Here are two decisions Minnesota voters can make with supreme confidence on Nov. 4: They can elect David Lillehaug and Wilhelmina Wright to the state Supreme Court.
Wright and Lillehaug have been serving ably on the state's highest court since 2012 and 2013, respectively, appointed to fill vacancies there by Gov. Mark Dayton. They come before voters next month for the first time, seeking six-year terms.
Each arrived at the court following a distinguished and varied legal career. Each is articulate and intelligent, with the firm and respectful temperament that befits those who apply and give life to the law, the great equalizer in a free society.
Lillehaug, 60, was U.S. attorney for Minnesota — the federal government's chief prosecutor here — from 1994 to 1998. His private legal practice was diverse, and he gained prominence through his frequent work litigating important and well-publicized cases involving election recounts, a government shutdown and constitutional controversies. Throughout these efforts, his skills in the courtroom and as a legal thinker and communicator have been conspicuous.
Lillehaug's political ties to the DFL Party are also clear. Yet many — most — judges have politics in their backgrounds. Lillehaug has earned hearty endorsements from a stellar assortment of judges, lawyers and public officials across the political spectrum, who are confident that in his new role Lillehaug has — as he told the Star Tribune Editorial Board — "left politics behind." We share that confidence, and believe Lillehaug's legal acumen and, yes, political savvy will now serve all Minnesotans well and impartially from the bench.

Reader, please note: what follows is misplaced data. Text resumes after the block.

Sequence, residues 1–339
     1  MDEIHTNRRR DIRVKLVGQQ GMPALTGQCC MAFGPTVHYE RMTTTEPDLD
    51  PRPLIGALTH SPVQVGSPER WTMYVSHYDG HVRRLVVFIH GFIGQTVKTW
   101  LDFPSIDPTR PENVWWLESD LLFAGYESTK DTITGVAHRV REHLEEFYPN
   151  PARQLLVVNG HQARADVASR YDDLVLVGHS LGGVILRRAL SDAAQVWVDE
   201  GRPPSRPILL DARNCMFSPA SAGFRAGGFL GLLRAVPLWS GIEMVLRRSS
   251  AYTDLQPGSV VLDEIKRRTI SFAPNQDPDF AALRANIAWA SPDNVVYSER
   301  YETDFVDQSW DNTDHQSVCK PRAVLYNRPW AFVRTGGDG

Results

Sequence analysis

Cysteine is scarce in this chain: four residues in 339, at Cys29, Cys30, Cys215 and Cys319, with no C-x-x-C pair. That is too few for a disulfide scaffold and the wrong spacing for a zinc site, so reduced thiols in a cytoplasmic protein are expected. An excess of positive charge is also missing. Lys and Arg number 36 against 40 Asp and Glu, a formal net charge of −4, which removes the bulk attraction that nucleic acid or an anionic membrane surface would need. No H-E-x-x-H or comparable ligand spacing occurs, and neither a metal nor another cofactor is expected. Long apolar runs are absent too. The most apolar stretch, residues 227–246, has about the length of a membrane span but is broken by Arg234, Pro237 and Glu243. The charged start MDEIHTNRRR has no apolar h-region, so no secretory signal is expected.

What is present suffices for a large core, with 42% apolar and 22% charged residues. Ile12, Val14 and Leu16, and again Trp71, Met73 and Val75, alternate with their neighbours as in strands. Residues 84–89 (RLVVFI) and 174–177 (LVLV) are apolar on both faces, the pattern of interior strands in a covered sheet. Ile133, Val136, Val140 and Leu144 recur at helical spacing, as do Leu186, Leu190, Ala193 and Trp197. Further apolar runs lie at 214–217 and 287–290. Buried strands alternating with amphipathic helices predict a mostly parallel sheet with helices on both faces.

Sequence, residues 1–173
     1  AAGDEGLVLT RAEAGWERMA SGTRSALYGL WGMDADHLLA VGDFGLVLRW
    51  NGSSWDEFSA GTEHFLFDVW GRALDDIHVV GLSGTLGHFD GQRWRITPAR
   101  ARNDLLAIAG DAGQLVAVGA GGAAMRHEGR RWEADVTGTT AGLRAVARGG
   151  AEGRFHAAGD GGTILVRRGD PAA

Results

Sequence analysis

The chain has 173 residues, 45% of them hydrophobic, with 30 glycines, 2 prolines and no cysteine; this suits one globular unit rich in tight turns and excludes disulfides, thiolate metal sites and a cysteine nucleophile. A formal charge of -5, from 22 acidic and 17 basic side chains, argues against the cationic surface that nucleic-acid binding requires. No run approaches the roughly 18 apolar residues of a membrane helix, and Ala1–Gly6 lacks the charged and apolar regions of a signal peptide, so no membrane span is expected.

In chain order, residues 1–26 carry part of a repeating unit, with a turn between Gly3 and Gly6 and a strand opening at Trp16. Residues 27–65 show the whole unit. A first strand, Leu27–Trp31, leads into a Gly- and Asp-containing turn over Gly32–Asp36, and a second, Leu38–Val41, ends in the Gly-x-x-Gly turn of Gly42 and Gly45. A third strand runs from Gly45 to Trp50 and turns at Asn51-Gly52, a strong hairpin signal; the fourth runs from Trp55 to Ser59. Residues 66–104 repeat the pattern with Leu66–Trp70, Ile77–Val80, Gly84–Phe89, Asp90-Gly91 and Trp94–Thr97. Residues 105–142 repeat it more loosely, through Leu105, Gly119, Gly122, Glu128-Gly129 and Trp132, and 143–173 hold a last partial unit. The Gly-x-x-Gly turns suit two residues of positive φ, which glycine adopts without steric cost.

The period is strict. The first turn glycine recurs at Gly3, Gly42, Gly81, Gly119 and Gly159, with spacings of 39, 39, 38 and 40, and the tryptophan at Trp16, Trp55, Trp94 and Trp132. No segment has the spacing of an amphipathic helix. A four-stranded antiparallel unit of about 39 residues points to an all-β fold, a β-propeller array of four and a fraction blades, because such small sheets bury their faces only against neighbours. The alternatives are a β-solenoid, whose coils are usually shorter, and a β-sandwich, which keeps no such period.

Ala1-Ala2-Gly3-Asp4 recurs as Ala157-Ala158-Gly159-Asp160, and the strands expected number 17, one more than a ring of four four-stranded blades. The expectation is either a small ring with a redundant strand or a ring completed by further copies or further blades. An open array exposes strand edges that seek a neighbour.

Lillehaug's opponent, private attorney Michelle MacDonald, 52, has gained a peculiar prominence since winning the state Republican Party's ill-considered endorsement last spring. She has been in a monthslong dispute with the party since legal trouble surfaced. In September, MacDonald was convicted in Dakota County for resisting arrest and refusing a sobriety test when suspected of impaired driving last April. Meanwhile, nothing in MacDonald's background or message suggests she is qualified for the office she seeks. The GOP must re-evaluate the process that produced this result.
Wilhelmina Wright, 50, served as a federal prosecutor, a private attorney representing school districts, a district court judge and a judge on the Minnesota Court of Appeals before Dayton named her to the Supreme Court. She is the first Minnesota jurist to serve at all three levels of the state judiciary.
Wright's exceptional range of experience positions her well to enrich high court deliberations with a firsthand understanding for lower court realities — for the "touch and feel," as she puts it, of the real life troubles and issues that reach appellate judges in the "cold record" of proceedings. A decade on the appeals court honed her gracious temperament and skills in collegial debate and decisionmaking. She gives welcome voice to an eloquent empathy for the ordinary people the law serves and a focus on the importance of predictability and clarity in legal rulings.
Wright's opponent, John Hancock, declined to take part in the Star Tribune's endorsement process.
David Lillehaug and Wilhelmina Wright are not simply the best choices in these races. Each is an exceptional asset on the court. Voters should keep them there.